Take a few minutes to do the things that make your soul sing.

I wrote 22 pages on my novel yesterday. It's hard not to be inspired here.

Yes. We're eating food like this every. single. day.

The Novel

I’m not going to finish my novel by June 1st. This writing a book thing is hard. Really, really hard. Like child birth kinda hard, complete with back pain from all the hunching over the keyboard.

Today I laid down to take a nap and I was flooded with ideas. My characters began swimming and talking and I decided to listen. I fed my family, packed up my computer and headed out where I promptly grew totally overwhelmed because my fingers cannot type fast enough.

I know where the characters are going, but getting them there takes time and I’m impatient and frustrated and wish I could just get it all out at once. Instead, I type a few pages, my heart starts beating really fast, my pulse quickens and I literally feel like I’m falling – like I’m leaning into the finish line and my feet can’t keep up.

So I have to step away, take a break, then dive back in. Do you know how slow this is going?

I’m almost to 200 pages and their stories are just ramping up. This is the longest labor ever in the history of all time.

Would you like to read one more sneak peek? Okay, good. Because this girl’s story is my favorite and it is the story I simply can’t get out fast enough. So here you have it – this is a bit more of Luda’s story. I first introduced you to Luda in Sneak peek #1. Her story is complex and full of beauty and pain and grief and joy. Isn’t that how life goes?

Beauty and ashes all mixed together.

(Disclaimer – This is the unedited, first rough draft. It’s not perfect, but it is coming out and that is a step in the right direction.)

Leaning back, I turn my face up to the ceiling and take in a long, deep breath. The pieces all began to fall into place. “So my mother was not a whore,” I say, less to him and more to myself. Every single image of my mother that I’d conjured up as a youth came flooding back. Her laugh that sounded like a thousand bells. The sound of her voice singing softly over me. The way her hair swung loosely over her shoulders. Could these be real memories? Could it be that the very few moments I had with my mother had been stored inside of me all along?

“I’m sorry, Luda,” Alexei says quietly, breaking the silence. “I’m so sorry I wasn’t there. I’m sorry that I failed you…and your mother.”

I nod, then ask one last question that has been pressing against my heart like a vice. “What is my mother’s name?”

Alexei’s eyes widen. “He never even spoke her name?” he whispers.

I shake my head no. “He only spoke of her when he was drunk and he always referred to her as ‘My darling,’ in those rare moments. I have never heard my mother’s name.”

“Marianna,” Alexei said and a gentle smile spread across his face. “Your mother’s name is Marianna.”

I nod and my eyes fill with tears. “Thank you,” I whisper. “Thank you for giving my mother back to me.”

Alexei reaches across the table and grasps my hand. “You are just like her, Luda. You are going to be an excellent mother just like she was.”

I nod slowly and allow a smile to form. The first genuine smile I’ve given in months. I look at my stomach and breathe in deep.

Like your mother.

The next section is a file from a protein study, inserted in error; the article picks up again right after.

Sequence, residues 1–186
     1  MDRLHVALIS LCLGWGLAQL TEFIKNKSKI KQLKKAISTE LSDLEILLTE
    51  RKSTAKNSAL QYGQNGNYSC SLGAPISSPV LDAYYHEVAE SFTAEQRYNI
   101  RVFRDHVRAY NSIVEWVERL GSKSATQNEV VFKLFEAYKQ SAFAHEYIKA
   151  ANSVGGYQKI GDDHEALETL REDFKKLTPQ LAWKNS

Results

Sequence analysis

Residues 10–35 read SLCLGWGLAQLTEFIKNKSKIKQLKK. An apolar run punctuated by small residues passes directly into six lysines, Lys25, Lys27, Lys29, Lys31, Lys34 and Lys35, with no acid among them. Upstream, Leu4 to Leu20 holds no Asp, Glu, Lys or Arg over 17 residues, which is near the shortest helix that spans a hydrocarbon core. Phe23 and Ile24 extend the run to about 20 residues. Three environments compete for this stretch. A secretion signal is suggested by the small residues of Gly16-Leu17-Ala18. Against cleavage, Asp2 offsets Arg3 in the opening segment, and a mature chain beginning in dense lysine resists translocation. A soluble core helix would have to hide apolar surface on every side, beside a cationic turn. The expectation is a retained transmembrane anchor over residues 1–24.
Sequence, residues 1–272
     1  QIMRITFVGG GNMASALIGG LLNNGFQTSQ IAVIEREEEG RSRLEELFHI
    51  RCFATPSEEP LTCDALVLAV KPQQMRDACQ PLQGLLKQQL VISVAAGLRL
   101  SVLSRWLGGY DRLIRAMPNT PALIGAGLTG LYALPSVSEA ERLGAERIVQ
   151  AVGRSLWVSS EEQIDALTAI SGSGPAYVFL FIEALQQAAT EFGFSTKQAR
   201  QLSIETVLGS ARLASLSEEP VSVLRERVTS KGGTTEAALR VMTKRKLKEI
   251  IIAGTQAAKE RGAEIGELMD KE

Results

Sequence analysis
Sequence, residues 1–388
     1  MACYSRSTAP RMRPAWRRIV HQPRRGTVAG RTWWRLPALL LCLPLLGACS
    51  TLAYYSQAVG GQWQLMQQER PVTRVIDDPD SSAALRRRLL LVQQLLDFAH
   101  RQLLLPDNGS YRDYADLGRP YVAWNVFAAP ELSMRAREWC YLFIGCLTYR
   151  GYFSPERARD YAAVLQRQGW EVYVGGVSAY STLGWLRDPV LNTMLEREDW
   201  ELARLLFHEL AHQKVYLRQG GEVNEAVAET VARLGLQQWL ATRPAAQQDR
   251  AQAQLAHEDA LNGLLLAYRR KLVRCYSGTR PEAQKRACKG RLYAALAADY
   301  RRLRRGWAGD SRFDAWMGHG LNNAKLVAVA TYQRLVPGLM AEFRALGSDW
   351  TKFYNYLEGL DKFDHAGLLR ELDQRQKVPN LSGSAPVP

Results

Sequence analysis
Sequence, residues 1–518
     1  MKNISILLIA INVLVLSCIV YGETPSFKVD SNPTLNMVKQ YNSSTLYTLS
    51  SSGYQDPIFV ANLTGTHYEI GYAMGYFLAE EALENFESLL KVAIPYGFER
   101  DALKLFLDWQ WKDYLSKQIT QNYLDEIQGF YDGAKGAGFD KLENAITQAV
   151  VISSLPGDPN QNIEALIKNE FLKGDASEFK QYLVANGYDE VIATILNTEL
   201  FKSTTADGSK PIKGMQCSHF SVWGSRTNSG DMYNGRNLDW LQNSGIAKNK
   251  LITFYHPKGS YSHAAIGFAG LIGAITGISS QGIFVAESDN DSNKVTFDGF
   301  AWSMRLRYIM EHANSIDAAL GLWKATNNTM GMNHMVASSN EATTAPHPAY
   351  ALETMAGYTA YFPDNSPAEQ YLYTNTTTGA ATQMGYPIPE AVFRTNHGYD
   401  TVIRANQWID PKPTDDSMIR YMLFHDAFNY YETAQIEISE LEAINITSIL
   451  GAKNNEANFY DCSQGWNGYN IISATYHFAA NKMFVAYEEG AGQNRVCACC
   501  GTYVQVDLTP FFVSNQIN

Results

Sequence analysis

For the first time in all my life, I feel peace.

©Kelli Stuart, May 2012

My new goal is to hit 200 pages by June 27 when I head to California for a writer’s retreat. I’m going to finish this thing, you guys. It’s actually going to happen!!!!

If it kills me…

And it just might…

But let’s hope not because I really need to finish this before I die…

The End.

About the book

I’ve been hard at work on my book lately. I’m not going to finish it by June, but I’ve got momentum going now so I fully intend to finish by the end of the summer. Want to read a little more?

For some context here is Sneak Peek Part One, Part Two and Part Three. You have now met three out of the five characters. Today I will introduce you to the final two characters. Maria is becoming one of my favorite stories to write and it shouldn’t come as a surprise because her story is based on the story of a woman I knew and loved in Ukraine.

Maria’s story inspired this book.

Fourteen-year-old Maria and her brother, Sergei, are the oldest and the youngest of Ivan, who you met in Sneak Peek Two. Sergei has joined the Red Army and without him, Maria feels lost. Ivan has survived Babi Yar with his life, but emotionally and mentally he is failing. Maria longs for her brother and this passage has become a sweet moment for my characters as Maria escapes to the confines of her memory.

A particular memory keeps folding over me. The bitter, biting cold of January pushes the sun beyond the hill overlooking the Dneiper River earlier each night, and I find myself overcome with this one moment in time. I can’t escape it and so I have given myself to it. The shadows of night make fighting too difficult.

Tonight is no exception.

I’m eight years old again and we’ve gone to our dacha for the summer. The dacha – our happy place. On this particular day I wake up early and tiptoe outside to watch the sun lift up over the small lake settled at the back of our property. My long gown soaks up the morning dew and I shiver against the chill of daybreak.

As I come out of the trees into the clearing, I see him. His back is to me, long and thin, always stretching out and up. I don’t speak but the rustle of my feet in the moist leaves reveals my presence and he turns, his thin face breaking into a smile.

“What are you doing here?” he says and gestures me to come sit.